The Doctors Company’s Commitment to Addressing Clinician Burnout
Growing administrative demands and distractions in our complex healthcare system conflict with how clinicians want to provide care—contributing to alarming rates of burnout and potentially leading to more adverse events and compromising patient safety. In our Future of Healthcare Survey of over 3,400 physicians nationwide, 7 out of 10 doctors were unwilling to recommend healthcare as a profession to their children or other family members.
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The Doctors Company has always been guided by our mission: to advance, protect, and reward the practice of good medicine.
Although reports of clinician burnout are at an all-time high, we support and believe in the noble healthcare professions for the life-sustaining services they provide. The Doctors Company Foundation provided generous funding support for the 2019 National Academy of Medicine consensus study, Taking Action Against Clinician Burnout: A Systems Approach to Professional Well-Being. The clinician job demands documented in the report included excessive workload, unmanageable work schedules, inadequate staffing, administrative burden, interruptions and distractions, inadequate technology support, time pressures, and moral distress. And that was before the pandemic.
Exacerbating many of these demands, the pandemic also brought deeper health inequities, widespread health misinformation and disinformation, and the politicization of healthcare and science, all combining to threaten the clinician-patient relationship.
That’s why we are dedicated to helping healthcare professionals anticipate issues in advance and to being a strong, proactive partner for those delivering care.
We recognize how the persistent administrative demands and inefficiencies rooted in our complex healthcare system conflict with how physicians and advanced practice clinicians want to provide care. This conflict contributes not only to alarming rates of clinician stress and burnout, but to more medical errors, the potential for patient harm, and higher rates of malpractice.
We are committed to reversing the trends associated with clinician stress by sharing information and tools that address some of the known causes of stress and burnout. This includes publishing data-driven claims studies to provide insight into allegations and contributing factors underlying lawsuits and, most importantly, the strategies that can prevent harm to patients and mitigate risks of litigation. We also recognize that physicians may be sued or have a report filed with their medical board. Accordingly, we provide best-in-class service and education to help our members understand the legal process and cope with the stress that lawsuits impose on practices, personal lives, and close relationships.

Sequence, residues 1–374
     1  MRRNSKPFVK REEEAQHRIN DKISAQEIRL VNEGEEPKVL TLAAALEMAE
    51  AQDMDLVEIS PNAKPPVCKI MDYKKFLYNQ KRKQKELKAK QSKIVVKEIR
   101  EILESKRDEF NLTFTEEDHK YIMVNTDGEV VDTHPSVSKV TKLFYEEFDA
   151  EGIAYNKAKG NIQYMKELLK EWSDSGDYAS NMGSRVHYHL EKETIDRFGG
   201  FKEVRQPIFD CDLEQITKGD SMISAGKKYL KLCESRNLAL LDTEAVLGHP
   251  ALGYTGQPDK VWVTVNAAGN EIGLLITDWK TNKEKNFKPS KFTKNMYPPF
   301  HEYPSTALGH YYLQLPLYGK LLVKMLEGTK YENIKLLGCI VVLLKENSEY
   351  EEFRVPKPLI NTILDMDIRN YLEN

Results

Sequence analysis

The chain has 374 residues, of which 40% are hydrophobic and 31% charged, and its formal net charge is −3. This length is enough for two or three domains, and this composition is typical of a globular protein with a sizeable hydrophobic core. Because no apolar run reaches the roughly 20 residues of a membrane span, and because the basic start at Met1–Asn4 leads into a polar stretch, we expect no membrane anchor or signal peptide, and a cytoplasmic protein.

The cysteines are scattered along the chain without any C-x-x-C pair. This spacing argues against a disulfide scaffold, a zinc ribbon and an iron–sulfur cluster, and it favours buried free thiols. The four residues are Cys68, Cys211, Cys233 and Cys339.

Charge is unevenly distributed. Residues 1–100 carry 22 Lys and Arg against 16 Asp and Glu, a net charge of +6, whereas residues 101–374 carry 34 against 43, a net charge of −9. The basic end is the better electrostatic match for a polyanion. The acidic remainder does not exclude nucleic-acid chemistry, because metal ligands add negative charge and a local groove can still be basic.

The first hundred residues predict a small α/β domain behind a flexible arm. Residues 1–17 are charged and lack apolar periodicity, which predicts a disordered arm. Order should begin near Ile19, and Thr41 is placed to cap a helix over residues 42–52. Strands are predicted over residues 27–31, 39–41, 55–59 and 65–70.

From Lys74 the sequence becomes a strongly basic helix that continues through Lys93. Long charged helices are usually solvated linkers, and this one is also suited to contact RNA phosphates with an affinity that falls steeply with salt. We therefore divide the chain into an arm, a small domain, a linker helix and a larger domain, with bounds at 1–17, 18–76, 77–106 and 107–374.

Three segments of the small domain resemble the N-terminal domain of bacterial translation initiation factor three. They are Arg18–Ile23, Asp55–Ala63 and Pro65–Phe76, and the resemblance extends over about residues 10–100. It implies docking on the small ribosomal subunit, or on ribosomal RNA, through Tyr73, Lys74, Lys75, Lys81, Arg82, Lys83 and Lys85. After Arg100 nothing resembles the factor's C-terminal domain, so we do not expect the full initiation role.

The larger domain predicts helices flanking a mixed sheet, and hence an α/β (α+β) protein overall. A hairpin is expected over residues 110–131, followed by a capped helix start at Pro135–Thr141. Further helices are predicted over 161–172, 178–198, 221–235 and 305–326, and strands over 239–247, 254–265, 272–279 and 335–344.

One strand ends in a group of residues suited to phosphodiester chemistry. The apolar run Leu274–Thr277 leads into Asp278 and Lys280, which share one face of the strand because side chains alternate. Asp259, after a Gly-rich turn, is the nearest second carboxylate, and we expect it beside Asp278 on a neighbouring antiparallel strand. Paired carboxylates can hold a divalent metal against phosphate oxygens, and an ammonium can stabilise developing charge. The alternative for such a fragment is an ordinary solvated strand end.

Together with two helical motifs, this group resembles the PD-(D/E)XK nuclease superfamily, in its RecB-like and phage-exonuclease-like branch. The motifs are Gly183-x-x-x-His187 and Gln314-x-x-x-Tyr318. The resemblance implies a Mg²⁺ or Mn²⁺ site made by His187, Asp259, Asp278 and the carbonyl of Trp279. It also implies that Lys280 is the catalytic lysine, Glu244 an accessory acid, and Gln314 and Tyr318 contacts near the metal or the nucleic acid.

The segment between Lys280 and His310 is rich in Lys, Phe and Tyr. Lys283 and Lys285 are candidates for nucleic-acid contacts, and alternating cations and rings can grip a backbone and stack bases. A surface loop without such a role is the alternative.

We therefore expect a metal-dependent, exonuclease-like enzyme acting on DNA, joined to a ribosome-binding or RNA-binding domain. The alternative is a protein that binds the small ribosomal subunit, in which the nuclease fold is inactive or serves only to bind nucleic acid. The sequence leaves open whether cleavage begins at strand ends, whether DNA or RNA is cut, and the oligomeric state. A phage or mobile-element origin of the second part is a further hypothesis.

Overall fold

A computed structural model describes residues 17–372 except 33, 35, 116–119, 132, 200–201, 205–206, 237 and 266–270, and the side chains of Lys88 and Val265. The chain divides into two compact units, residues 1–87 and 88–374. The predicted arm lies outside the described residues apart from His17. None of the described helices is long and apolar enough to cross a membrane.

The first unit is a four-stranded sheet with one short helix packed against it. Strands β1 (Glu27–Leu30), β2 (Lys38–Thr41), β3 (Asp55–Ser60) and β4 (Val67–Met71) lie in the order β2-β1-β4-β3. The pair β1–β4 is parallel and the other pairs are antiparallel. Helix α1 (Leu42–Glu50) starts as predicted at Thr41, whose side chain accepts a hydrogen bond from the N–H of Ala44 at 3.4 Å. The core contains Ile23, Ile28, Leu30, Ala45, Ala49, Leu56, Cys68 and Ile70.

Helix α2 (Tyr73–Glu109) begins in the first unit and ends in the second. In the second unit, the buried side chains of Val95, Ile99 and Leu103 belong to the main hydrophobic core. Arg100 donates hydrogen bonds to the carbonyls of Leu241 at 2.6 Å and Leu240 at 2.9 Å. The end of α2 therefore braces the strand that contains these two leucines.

Digital health innovation, industry consolidation, new technology, and regulation are some of the factors that change the way healthcare professionals deliver care. The Doctors Company will continue to work with our members, advisory groups, and other experts to develop resources to help members manage these changes—by building healthier work environments with highly functional clinical teams, efficient processes, and effective communication. Our efforts will continue to support physicians, nurses, and other clinicians so they can provide care that aligns with their professional ethic and caregiving mission.
We believe we should serve the healthcare professions by partnering with those who provide care—so that clinicians can focus on making decisions based on the best outcomes for patients, rather than on threats of litigation, invasive regulation, or financial loss. An unwavering commitment to clinician well-being is essential to optimizing quality of care and patient safety.
The guidelines suggested here are not rules, do not constitute legal advice, and do not ensure a successful outcome. The ultimate decision regarding the appropriateness of any treatment must be made by each healthcare provider considering the circumstances of the individual situation and in accordance with the laws of the jurisdiction in which the care is rendered.